The Facts About Climate
As we wake up in the morning and head into the kitchen to percolate our morning coffee, we begin to take notice of the conditions just outside the confines of our walls. A bit breezy with a light drizzle - perhaps we should grab that windbreaker on our way out the door today. Climate and weather affect more than our everyday decisions on what to wear, it also serves as a signal to gardeners for when to sow seed, harvest and let the land lie fallow. The earliest agriculturists depended on climate and the regular changing of the seasons to grow food for their villages.
But what is this mysterious, invisible force known as climate and how does it affect the planet?
Defining Climate & Other Terms
Climate & Weather
The patterns by which you rummage through your closet (change) (Your daily closet or wardrobe guide)
It’s not uncommon for people to confuse climate with weather. While weather encompasses the frequently changing atmospheric conditions, which include temperature, wind, clouds and precipitation, climate refers to the average weather pattern over long periods of time. In other words, weather can change on a daily basis and an example would be a rainy day. Climate is observed over seasons, decades, centuries and millenia. An example would be the climate in some parts of the Mediterranean that experience no rainfall between March and November. A climate, by the way, that is also shared with California.
The Atmosphere & Greenhouse Gases
Earth’s incubator - but what is it hatching?
The atmosphere is the invisible layer of gases that encompass the Earth and keep things livable on the planet for humans, animals, insects and plants. There are five major (and other minor) gases that make up the atmosphere, called greenhouse gases, two of which include carbon and methane. Greenhouse gases work to keep the earth warm by trapping heat from the sun inside the atmosphere.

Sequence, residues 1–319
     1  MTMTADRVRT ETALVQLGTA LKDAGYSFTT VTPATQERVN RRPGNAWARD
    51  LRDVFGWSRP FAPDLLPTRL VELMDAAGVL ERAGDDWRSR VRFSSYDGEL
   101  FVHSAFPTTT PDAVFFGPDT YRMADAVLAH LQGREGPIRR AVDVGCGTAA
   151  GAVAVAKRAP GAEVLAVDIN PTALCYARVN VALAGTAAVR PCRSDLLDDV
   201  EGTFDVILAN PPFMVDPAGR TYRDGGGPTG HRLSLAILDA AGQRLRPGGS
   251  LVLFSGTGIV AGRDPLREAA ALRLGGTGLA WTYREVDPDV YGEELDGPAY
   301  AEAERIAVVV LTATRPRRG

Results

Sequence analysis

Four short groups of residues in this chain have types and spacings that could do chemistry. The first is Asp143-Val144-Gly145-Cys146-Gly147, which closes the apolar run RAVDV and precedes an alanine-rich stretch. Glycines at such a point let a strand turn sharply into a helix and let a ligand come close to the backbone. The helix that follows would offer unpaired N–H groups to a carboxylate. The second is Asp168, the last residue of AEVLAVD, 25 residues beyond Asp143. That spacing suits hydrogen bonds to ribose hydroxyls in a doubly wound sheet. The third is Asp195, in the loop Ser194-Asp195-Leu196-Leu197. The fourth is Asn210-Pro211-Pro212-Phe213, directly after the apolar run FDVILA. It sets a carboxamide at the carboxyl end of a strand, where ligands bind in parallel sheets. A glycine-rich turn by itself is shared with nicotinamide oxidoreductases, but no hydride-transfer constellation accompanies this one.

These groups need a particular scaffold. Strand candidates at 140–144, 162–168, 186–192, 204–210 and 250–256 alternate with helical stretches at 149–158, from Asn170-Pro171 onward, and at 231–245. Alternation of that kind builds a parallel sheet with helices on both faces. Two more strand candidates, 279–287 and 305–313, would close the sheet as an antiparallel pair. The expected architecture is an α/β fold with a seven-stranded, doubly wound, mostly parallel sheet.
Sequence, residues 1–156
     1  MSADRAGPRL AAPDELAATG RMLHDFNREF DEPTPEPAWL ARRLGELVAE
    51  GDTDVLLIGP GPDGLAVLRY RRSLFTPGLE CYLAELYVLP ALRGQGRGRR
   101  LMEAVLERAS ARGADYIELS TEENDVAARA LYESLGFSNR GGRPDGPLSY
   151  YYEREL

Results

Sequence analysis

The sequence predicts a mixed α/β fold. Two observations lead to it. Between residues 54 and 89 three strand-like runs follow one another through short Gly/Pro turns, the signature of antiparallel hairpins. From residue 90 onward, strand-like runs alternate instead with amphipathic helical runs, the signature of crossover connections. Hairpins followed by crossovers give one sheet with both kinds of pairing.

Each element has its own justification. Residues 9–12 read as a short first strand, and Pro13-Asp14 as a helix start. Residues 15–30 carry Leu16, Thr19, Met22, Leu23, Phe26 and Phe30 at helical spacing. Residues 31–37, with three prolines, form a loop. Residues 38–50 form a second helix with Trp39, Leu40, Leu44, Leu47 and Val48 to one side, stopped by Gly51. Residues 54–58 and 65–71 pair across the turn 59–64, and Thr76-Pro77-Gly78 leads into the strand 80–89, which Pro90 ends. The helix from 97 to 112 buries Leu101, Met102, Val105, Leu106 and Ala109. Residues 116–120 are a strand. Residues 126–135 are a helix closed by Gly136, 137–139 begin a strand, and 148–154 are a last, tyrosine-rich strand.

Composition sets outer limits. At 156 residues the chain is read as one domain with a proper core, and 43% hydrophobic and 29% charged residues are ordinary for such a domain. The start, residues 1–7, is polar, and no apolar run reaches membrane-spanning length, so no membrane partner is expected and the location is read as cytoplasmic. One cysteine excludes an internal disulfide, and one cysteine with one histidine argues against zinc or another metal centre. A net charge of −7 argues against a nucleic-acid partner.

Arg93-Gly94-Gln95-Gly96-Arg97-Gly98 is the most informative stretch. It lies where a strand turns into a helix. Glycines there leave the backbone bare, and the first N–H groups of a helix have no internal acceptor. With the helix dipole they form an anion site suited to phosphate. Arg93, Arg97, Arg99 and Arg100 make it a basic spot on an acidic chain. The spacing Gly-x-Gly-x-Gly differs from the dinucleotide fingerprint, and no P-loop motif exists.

What's coming? From which direction?
The global temperature is one degree higher than it was a century and a half ago at the time of the invention of the internal combustion engine, which marked the beginning of the Industrial Age. Combustion engines are powered by fossil fuels which contribute to higher concentrations of greenhouse gases that affect global warming - often referred to as "Climate change" and linked to the human effect on long-term climate patterns. It's a political hot potato.
Climate has changed many times over the course of our Earth’s history, and dramatically so, but recent patterns of higher temperature have attracted widespread concern. Melting glaciers and Glacial Lake Outburst Floods in mountainous regions have resulted in rising sea levels and the first-ever evacuation of entire island communities.
In 2005, the U.S. Department of Defense acknowledged this shift in climate as the most important influence on United States national security over the following span of 20 years. Whatever it's called, the new weather patterns that seem to be developing could spur never-before-seen uncharacteristic hot and dry weather in one area, and wet and snowy weather in another. Tracking and adapting to weather and/or long-term climate change is one of the exciting challenges of the years ahead.
Previous Shifts in Climate
Fevers and Chills, the Earth gets them too